In Glattfelder et al. (2011) 18 empirical scaling-law relations were uncovered in the foreign exchange market, 12 of them being independent of each other. The foreign exchange market can be characterized as a complex network consisting of interacting agents: corporations, institutional and retail traders, and brokers trading through market makers, who themselves form an intricate web of interdependence. With an average daily turnover of approximately USD five trillion (Bank of International Settlement 2016) and with price changes nearly every second, the foreign exchange market offers a unique opportunity to analyze the functioning of a highly liquid, over-the-counter market that is not constrained by specific exchange-based rules. This market is an order of magnitude bigger than the futures or equity markets (ISDA 2014). An example of such an emerging scaling law in the foreign exchange market is the following: The average time interval \(\langle \varDelta t \rangle \) for a price change of size \(\varDelta x\) to occur follows a scaling-law relation
$$\begin{aligned} \langle \varDelta t\rangle \sim \varDelta x^\alpha . \end{aligned}$$
Figure 6.7 shows an illustration of this scaling law for the Euro to US Dollar exchange rate. Another cumulative scaling-law relation counts the average yearly number of price moves of size \(\varDelta x\)
$$\begin{aligned} \textsf {N} (\varDelta x) \sim \varDelta x^\alpha . \end{aligned}$$
In Fig. 6.8 this scaling law is plotted for 13 currency pairs and a benchmark Gaussian random walk. Finally, a salient novel scaling-law relation unveils that after any directional change of a price move, measured by a threshold \(\delta \), the price will continue, on average, to move by a percentage \(\omega \) . This overshoot scaling law has a trivial form
$$\begin{aligned} \langle \omega \rangle \sim \delta . \end{aligned}$$
In other words, any directional change in a time series will be followed by an overshoot of the same size, on all scales. See Glattfelder et al. (2011) for more details and the remaining 15 scaling laws.
Fig. 6.7

Financial scaling-law relation. The log-log plot shows the empirical results for the EUR/USD currency pair over a five year data sample. The time (\(\varDelta t\)) during which a price move of \(\varDelta x \in [0.045\%, \dots , 4.0\%]\) happens is related to the magnitude of these moves. The exponent is estimated at \(\alpha = 1.9608 \pm 0.0025\). The y-axis data range is approximately from 16 min to 69 days

Fig. 6.8

Number of yearly price moves scaling law. Plots based on five years of tick-by-tick data for 13 exchange rates and a Gaussian random walk model. See Glattfelder et al. (2011) for details

These laws represent the foundation of a new generation of tools for studying volatility, measuring risk, and creating better forecasting (Golub et al. 2016). They also substantially extend the catalog of stylized facts found in financial time series (Guillaume et al. 1997; Dacorogna et al. 2001) and sharply constrain the space of possible theoretical explanations of the market mechanisms. The laws can be used to define an event-based framework, substituting the passage of physical time with market activity (Guillaume et al. 1997; Glattfelder et al. 2011; Aloud et al. 2011). Consolidating all these building blocks cumulates in a new generation of automated trading algorithms11 which not only generate profits, but also provide liquidity and stability to financial markets (Golub et al. 2018). See also Müller et al. (1990), Mantegna and Stanley (1995), Galluccio et al. (1997) for early accounts of the scaling properties in foreign exchange markets. A Word of Caution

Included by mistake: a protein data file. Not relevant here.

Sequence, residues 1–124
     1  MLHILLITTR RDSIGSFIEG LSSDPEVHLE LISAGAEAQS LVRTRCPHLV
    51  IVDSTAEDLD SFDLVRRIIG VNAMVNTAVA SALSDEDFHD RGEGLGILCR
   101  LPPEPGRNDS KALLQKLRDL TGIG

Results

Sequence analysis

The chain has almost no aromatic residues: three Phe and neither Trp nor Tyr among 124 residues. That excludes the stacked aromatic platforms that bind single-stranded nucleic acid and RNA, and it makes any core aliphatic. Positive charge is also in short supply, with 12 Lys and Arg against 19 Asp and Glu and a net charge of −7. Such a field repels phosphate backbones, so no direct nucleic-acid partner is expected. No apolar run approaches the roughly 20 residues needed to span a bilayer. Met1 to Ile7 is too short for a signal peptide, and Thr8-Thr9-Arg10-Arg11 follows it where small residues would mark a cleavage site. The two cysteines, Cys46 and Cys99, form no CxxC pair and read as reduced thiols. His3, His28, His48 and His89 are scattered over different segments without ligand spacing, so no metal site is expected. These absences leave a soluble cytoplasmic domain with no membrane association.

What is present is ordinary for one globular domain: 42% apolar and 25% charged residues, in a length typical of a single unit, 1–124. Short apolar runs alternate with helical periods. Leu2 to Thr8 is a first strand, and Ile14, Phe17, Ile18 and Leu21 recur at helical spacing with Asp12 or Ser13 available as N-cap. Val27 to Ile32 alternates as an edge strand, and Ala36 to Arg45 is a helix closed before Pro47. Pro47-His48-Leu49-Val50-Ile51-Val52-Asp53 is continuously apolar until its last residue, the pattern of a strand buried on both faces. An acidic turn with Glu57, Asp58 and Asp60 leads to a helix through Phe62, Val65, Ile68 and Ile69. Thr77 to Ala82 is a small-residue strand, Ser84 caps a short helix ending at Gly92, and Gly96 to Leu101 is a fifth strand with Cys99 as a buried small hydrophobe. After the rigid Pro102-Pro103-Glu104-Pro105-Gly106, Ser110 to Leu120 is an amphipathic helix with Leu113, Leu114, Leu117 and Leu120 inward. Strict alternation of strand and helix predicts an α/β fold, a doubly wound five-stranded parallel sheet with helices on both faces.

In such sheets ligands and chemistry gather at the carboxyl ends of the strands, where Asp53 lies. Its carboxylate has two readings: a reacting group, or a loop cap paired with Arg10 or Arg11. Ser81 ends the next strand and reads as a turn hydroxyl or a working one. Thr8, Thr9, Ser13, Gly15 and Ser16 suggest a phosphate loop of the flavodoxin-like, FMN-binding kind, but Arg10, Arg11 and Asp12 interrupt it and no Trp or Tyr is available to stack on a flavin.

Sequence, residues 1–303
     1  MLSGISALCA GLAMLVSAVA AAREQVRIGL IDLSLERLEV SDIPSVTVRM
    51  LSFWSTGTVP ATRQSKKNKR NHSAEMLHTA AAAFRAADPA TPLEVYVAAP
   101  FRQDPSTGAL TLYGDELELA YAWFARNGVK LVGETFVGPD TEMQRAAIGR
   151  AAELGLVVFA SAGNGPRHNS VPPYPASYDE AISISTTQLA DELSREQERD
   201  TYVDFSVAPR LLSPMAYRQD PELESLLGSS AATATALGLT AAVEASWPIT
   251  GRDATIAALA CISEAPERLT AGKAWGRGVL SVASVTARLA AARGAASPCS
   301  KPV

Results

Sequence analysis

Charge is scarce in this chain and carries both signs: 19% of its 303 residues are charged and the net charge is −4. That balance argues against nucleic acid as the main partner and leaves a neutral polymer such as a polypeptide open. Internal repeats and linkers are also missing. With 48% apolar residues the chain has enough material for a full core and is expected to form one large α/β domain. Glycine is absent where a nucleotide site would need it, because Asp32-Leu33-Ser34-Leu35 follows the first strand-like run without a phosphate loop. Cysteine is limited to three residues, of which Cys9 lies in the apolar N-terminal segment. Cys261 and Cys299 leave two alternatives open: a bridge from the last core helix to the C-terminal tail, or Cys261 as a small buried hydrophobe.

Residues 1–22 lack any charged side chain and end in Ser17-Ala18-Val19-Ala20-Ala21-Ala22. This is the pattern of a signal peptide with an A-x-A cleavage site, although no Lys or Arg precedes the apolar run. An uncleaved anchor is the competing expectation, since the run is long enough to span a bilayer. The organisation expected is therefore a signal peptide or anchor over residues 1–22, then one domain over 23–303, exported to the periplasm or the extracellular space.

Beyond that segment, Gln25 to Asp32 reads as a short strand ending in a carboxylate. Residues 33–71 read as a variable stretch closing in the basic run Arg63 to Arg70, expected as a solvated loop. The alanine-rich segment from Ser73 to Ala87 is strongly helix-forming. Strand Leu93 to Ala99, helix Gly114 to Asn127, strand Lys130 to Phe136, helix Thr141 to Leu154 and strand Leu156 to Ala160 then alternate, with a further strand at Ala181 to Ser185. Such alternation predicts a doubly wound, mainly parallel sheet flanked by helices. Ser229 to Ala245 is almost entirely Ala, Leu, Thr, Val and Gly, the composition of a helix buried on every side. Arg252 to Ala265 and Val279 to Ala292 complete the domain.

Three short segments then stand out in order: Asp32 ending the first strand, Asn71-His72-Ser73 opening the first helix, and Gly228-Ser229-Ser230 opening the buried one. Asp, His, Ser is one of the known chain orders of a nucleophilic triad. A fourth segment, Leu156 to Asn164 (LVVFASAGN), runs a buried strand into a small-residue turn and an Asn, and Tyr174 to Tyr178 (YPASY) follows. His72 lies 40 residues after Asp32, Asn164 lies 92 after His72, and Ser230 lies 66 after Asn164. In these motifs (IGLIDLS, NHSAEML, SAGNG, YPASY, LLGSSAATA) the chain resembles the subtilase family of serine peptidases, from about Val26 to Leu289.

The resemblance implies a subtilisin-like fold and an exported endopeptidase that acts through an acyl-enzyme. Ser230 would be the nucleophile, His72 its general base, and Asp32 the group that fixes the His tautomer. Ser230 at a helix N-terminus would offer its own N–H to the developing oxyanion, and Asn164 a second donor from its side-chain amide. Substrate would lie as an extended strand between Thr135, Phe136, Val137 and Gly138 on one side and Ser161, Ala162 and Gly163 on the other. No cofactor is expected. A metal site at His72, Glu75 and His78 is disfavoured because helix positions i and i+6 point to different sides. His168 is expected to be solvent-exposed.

Finding laws of nature for complex systems is a challenging task. By design, there exist many levels of organization which interact with each other in theses systems. Moreover, the laws represent idealizations lurking in the murky depths hidden beneath layers of messy data. While the laws of nature relating to Volume I of the Book of Nature are clear-cut and orderly, Volume II struggles with this clarity. The importance of the four types of universal scaling laws previously discussed has been challenged by some.

The debate boils down to the following question: How far can one deviate from statistical rigor to detect an approximation of an organizational principle in nature? In the early days of scaling laws, some physicists have been accused of simply plotting their data in a log-log plot and squinting at the screen to declare a scaling law. However, the statistical criteria for a true scaling law to be found in empirical data are quite involved (Clauset et al. 2009). Recently, the ubiquity of scale-free networks has been questioned (Broido and Clauset 2018).

Network scientists have adapted to such challenges. For one, the strict adherence to a precise power law is relaxed. As an example, a broader class called “heavy-tailed” networks is invoked. Many real-world networks show such a distribution in their degree distribution. In other words, they share the characteristics of a scale-free network (such as robustness and vulnerability) without actually obeying a strict power law. In essence, real-world networks are determined by many different mechanisms and processes which nudge the network away from pure scale-freeness, making them heavy-tailed. However, the biggest and simplest factor responsible for spoiling any neat idealized scaling-law behavior in all real applications could be, in the words of physicist-turned-network scientist Alessandro Vespignani, that (quoted in Klarreich 2018):

In the real world, there is dirt and dust, and this dirt and dust will be on your data. You will never see the perfect power law.

Nonetheless, perhaps the real impediment that network researchers face is far deeper, echoing the poststructural and postmodern sentiment from Sect. 6.2.2. Again Vespignani (Klarreich 2018):

There is no general theory of networks.

Barabási replied to the accusations in a blog post.12 In essence, (Broido and Clauset 2018) utilize a “fictional criterion of scale-free networks,” which “fails the most elementary tests.”


  1. 1.

    However, see Sect.  5.4.1 discussing Langevin and Fokker-Planck equations.

  2. 2.
  3. 3.

    The terms mathematical realism and Platonism have been used interchangeably.

  4. 4.

    A general reference is Vega-Redondo (2007).

  5. 5.
  6. 6.
  7. 7.

    See, retrieved February 1, 2018.

  8. 8.

    As ranked by, accessed February 2, 2018.

  9. 9.
  10. 10.

    See also Sect.

  11. 11.

    The code can be found here:

  12. 12.

    Called Love is All You Need—Clauset’s Fruitless Search for Scale-Free Networks , see, posted on March 16, 2018.


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Authors and Affiliations

  1. 1.ZürichSwitzerland